This has effectively torpedoed the European Financial Stability Facility (EFSF). Plans to use the EFSF to lend directly to Italy are unlikely to happen now, and even a plan for the EFSF to absorb initial losses from bond buyers is unlikely to happen because no one is going to buy even with the insurance guarantees.
We thus go back to the endgame. The ECB will be forced in as a buyer of last resort, in a big way. Italy will become a ward of the ECB until there are elections and serious economic reforms are implemented. And don't look to the International Monetary Fund , at least not in its present form: It has some 280 billion euros ($381 billion), but last week there seemed to be little interest in increasing its firepower. Expect that to change as conditions deteriorate.
French President Nicolas Sarkozy appears to have laid the groundwork for the breakup of the euro. Yesterday Sarkozy proposed a "two-speed" Europe where the euro zone countries would accelerate political and economic integration, while another group outside the currency block would be more loosely connected. While this sounds like the current euro zone and the European Union, it's unlikely that's what he ultimately meant: He has already said allowing Greece into the euro was a mistake. ?
1. Cooking the books, in Japanese. Revelation that Japanese camera giant Olympus was cooking its books was a major topic at a Market Technicians Association forum I chaired last night. Olympus admitted that it cooked its books to mask losses on investments made many years ago. They apparently invested in off-book schemes that turned sour and then attempted to hide the losses. This is not the Chinese investing in U.S. shell companies in reverse-merger schemes. This is a global icon brand.
2. The weakness in Europe is starting to show up in corporate profits: General Motors delivered a solid quarter, beating Street estimates ($1.03 a share vs. 96 cents a share consensus), but cut its outlook in Europe. Revenues were in line with estimates, as North America and Asia business was solid and market share in those areas grew.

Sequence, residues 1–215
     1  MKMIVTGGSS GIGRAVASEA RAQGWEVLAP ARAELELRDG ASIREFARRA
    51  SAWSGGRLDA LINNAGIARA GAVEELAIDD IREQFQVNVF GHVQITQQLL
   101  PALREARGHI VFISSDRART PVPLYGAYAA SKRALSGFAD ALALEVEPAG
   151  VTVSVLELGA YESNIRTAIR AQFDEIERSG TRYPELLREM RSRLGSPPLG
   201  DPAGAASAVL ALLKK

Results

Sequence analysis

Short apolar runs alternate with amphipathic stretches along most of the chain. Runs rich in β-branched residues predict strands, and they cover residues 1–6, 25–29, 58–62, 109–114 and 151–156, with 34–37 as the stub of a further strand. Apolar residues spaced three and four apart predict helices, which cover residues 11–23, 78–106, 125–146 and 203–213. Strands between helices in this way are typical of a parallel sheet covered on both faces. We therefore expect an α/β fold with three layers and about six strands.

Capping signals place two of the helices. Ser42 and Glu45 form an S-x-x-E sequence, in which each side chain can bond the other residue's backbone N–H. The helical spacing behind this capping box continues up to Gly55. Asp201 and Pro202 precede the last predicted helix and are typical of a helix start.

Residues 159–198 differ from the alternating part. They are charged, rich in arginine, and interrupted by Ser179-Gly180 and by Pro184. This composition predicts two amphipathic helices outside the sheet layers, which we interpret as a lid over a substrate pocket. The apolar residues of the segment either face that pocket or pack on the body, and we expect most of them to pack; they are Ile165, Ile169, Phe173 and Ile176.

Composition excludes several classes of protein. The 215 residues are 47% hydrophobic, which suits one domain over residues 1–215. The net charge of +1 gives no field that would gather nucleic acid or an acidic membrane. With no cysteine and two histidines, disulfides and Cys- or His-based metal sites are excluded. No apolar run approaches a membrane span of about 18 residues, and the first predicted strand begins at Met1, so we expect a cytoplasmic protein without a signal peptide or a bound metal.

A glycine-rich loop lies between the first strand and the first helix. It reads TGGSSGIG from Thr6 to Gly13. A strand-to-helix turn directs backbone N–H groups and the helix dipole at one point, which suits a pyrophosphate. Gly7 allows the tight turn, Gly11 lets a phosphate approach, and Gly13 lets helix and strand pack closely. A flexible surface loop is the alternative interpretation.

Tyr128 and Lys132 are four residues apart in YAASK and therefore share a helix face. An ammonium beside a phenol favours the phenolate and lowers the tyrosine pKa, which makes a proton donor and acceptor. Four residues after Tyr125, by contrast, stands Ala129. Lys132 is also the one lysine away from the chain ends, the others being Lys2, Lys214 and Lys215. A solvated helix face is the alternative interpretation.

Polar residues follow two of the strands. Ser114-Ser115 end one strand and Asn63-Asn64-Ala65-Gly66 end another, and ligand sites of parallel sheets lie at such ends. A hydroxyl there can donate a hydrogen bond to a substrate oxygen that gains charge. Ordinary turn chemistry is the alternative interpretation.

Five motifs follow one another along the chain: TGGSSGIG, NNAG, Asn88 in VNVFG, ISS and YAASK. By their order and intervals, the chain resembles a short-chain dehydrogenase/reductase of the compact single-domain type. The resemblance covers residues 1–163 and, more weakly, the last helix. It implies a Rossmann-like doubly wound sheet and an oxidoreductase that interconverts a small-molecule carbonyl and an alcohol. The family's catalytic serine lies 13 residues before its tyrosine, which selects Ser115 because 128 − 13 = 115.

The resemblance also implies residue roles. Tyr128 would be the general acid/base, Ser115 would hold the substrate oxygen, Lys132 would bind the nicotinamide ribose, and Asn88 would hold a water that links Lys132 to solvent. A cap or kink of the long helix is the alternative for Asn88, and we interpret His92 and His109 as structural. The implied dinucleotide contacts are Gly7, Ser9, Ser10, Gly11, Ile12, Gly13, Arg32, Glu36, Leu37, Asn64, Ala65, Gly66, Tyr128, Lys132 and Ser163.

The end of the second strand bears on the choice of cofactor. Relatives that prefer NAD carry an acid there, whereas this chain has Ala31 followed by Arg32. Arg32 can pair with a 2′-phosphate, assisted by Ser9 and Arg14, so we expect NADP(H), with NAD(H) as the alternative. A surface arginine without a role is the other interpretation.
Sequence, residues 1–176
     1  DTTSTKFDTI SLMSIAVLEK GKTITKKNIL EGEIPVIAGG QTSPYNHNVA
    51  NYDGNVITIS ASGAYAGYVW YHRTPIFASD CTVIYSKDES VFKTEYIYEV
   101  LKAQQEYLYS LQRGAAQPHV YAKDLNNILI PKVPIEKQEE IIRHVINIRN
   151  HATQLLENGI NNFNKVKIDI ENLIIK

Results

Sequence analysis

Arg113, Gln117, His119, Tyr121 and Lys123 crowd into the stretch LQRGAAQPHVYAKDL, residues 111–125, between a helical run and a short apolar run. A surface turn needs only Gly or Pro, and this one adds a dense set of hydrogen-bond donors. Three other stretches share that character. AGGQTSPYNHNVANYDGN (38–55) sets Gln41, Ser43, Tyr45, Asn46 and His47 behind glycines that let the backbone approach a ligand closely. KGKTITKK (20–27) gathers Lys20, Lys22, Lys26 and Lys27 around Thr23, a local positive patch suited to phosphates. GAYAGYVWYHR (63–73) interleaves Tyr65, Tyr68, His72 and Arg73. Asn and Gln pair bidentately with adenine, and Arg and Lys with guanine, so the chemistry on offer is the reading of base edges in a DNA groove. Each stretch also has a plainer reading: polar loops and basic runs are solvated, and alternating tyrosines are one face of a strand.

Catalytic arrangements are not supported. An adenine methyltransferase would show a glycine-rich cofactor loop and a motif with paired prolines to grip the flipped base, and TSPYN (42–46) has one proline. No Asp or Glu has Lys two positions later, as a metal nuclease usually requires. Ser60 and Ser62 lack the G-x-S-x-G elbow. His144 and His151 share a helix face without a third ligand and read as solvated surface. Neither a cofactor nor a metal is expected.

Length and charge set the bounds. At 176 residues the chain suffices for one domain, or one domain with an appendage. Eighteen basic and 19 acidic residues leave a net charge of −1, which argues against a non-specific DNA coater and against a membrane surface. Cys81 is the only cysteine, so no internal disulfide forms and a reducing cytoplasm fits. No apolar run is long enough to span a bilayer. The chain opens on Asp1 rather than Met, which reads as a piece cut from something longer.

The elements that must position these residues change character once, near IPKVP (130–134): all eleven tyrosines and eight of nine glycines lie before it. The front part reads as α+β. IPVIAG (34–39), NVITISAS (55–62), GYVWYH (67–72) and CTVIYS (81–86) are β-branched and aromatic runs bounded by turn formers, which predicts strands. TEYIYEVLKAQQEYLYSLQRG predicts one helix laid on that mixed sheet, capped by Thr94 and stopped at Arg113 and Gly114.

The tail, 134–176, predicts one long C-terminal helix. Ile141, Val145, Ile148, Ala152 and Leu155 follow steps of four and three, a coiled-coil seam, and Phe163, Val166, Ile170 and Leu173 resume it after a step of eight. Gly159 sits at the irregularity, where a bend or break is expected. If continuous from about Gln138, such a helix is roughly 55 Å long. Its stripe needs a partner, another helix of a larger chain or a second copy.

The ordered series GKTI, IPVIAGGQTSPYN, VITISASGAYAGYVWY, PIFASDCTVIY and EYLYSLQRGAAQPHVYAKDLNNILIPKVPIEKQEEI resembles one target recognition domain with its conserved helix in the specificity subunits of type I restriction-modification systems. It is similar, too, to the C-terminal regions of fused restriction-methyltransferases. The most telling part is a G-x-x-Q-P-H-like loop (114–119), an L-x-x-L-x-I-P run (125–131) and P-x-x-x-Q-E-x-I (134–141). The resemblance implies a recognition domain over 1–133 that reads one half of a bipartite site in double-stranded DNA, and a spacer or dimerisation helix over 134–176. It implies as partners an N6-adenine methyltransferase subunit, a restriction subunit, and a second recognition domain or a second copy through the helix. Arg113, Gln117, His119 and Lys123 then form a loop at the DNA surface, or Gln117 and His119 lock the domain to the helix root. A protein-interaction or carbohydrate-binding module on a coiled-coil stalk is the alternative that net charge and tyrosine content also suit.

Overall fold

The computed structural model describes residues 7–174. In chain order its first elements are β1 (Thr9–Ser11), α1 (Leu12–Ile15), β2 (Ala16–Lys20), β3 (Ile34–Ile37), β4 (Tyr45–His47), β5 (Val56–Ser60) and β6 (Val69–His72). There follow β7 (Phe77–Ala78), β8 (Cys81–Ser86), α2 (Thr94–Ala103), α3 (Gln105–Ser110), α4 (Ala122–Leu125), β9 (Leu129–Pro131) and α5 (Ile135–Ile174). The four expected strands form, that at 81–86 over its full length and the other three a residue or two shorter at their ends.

GM, of course, is still owned 32 percent by U.S. taxpayers. They emerged from bankruptcy protection in 2009 after taxpayers shelled out $52 billion to bail it out.
GM has a lot of value investors cheering for it. One wrote to me after the earnings: "GM has 34 billion in cash and could pay their pension liability of probably 9 billion out of petty cash. They have almost no debt and have eliminated all bad assets and obligations in bankruptcy. They are making billions in this environment and have all their good models coming out in 2012 when margins will expand. If things improve they will be making so much money they will buy the govt stake back and pay huge dividends. The bad press it gets because of govt bailout is amazing."
3. Despite stronger-than-expected performance in the latest quarter, murkier outlooks are weighing on a few stocks this morning:
a) Macy’s falls 4 percent despite blowing away third-quarter profit estimates (32 cents a share vs. 16 cents a share consensus) amid a 4 percent rise in same-store sales. The problem for its stock — the department store’s fourth-quarter outlook disappoints. Earnings for the current quarter are seen between $1.52 a share to $1.57 a share, far below consensus of $1.66 a share.
b) Polo Ralph Lauren falls 6 percent, despite beating estimates ($2.46 a share vs. $2.24 a share consensus). Although revenues are seen growing at a low teens rate in the current quarter, that’s below estimates of 19 percent growth. Additionally, margins are expected to be squeezed (falling by 300 basis points), hurt by soaring commodity costs.
4. Anheuser Busch InBev falls 1 percent tops estimate $1.09 a share vs. 94 cents a share consensus. Revenues grew more than expected despite lower beer volumes. Even though volumes slumped in Europe and Russia and market share declined in the U.S., performance was more encouraging in its Brazil, Argentina, and China markets, where volumes grew.
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